Pat Finucane murder: After 22 years, there is still no closure
Two decades have passed since Pat Finucane was gunned down by a loyalist murder squad, and his relatives still continue to seek answers about his death.
At the centre of the controversy are allegations of collusion between the security forces and loyalist paramilitaries.
The Finucanes hoped a full, open inquiry would establish what they have long believed — that elements within the RUC colluded with the killers.
Pat Finucane was a prominent figure because he represented paramilitary suspects facing terrorism charges.
But that work often brought him into conflict with the authorities. In January 1989 Conservative MP Douglas Hogg had told the House of Commons that certain solicitors in Northern Ireland were “unduly sympathetic” to the IRA. Around the same time an RUC officer was reported to have told a client: “You will not be having Mr Finucane as a solicitor much longer.”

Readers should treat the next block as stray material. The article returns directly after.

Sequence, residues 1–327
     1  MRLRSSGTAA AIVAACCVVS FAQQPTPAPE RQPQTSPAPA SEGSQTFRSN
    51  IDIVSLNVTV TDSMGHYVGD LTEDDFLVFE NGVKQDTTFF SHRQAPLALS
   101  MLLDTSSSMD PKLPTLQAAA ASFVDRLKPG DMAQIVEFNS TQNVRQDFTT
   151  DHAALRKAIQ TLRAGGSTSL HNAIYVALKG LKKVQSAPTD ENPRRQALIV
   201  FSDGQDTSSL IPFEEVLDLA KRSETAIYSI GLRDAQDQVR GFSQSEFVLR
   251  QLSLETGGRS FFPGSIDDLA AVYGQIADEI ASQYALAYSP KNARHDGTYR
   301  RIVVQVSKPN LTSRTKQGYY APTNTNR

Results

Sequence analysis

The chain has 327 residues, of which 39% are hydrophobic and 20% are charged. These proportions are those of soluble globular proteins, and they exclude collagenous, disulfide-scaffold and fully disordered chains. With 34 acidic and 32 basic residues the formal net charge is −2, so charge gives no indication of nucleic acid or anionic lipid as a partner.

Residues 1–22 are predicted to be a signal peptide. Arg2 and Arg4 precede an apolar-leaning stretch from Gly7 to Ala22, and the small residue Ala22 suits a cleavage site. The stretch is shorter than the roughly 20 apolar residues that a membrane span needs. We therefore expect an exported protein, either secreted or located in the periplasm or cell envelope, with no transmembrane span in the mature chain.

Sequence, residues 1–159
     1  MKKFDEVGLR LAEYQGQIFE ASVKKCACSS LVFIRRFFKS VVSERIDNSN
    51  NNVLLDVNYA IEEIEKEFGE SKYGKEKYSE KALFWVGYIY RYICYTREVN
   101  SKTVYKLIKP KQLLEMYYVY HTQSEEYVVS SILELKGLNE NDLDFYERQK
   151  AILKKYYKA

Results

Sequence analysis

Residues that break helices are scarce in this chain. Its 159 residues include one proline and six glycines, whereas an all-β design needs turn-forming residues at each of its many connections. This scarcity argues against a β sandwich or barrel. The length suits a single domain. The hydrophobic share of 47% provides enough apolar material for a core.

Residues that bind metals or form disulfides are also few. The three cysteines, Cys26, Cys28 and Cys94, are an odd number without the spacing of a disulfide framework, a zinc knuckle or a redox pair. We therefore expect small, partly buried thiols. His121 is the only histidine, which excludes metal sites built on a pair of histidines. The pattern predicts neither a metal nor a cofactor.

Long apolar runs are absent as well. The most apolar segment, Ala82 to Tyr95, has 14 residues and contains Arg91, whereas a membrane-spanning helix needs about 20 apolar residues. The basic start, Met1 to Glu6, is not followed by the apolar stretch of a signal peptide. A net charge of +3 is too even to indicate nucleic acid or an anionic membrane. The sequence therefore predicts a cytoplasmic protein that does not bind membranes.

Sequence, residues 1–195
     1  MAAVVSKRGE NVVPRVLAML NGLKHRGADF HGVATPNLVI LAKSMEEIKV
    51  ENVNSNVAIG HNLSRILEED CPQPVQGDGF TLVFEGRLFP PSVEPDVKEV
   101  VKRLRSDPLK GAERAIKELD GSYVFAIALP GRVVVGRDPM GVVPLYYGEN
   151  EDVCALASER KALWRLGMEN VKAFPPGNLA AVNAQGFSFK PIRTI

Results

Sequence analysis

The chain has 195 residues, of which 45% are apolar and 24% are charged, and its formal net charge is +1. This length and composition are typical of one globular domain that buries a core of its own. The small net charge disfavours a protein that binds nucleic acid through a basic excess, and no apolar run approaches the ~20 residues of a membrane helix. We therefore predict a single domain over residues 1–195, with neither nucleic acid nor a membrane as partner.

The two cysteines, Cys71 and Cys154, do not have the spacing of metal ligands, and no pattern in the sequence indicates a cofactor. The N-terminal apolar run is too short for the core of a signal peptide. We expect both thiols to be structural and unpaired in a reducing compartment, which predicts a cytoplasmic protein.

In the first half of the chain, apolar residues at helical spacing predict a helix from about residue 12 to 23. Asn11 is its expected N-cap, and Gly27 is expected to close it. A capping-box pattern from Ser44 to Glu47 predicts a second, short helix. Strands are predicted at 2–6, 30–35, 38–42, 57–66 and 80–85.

Three weeks later Pat Finucane was dead. A UFF gang smashed its way into his north Belfast home before killing him in front of his family.
The terror group claimed they had killed Mr Finucane because he was a high-ranking IRA officer. This allegation has always been denied by his family and the police.
It later emerged that Army double agent Brian Nelson was asked by his loyalist paramilitary chiefs to compile a dossier on the lawyer.
The question has always been, how much did Nelson pass on to his Army handlers?
In September 2004 loyalist Ken Barrett pleaded guilty to Mr Finucane’s murder. Former Metropolitan Police Commissioner Lord Stevens, who conducted three inquiries into allegations of collusion, reached an unequivocal judgment in 2003.
Referring to the deaths of Mr Finucane and Adam Lambert, a Protestant student mistakenly killed in 1987, he wrote: “I conclude there was collusion in both murders and the circumstances surrounding them.”
In 2004 Northern Ireland Secretary of State Paul Murphy announced his intention to hold an inquiry under the new Inquiries Act. The Finucanes opposed the probe being held under this legislation, claiming it made the inquiry accountable to the minister responsible, rather than to Parliament.
Current Secretary of State Owen Paterson later engaged in talks with the family to try to resolve the stand-off.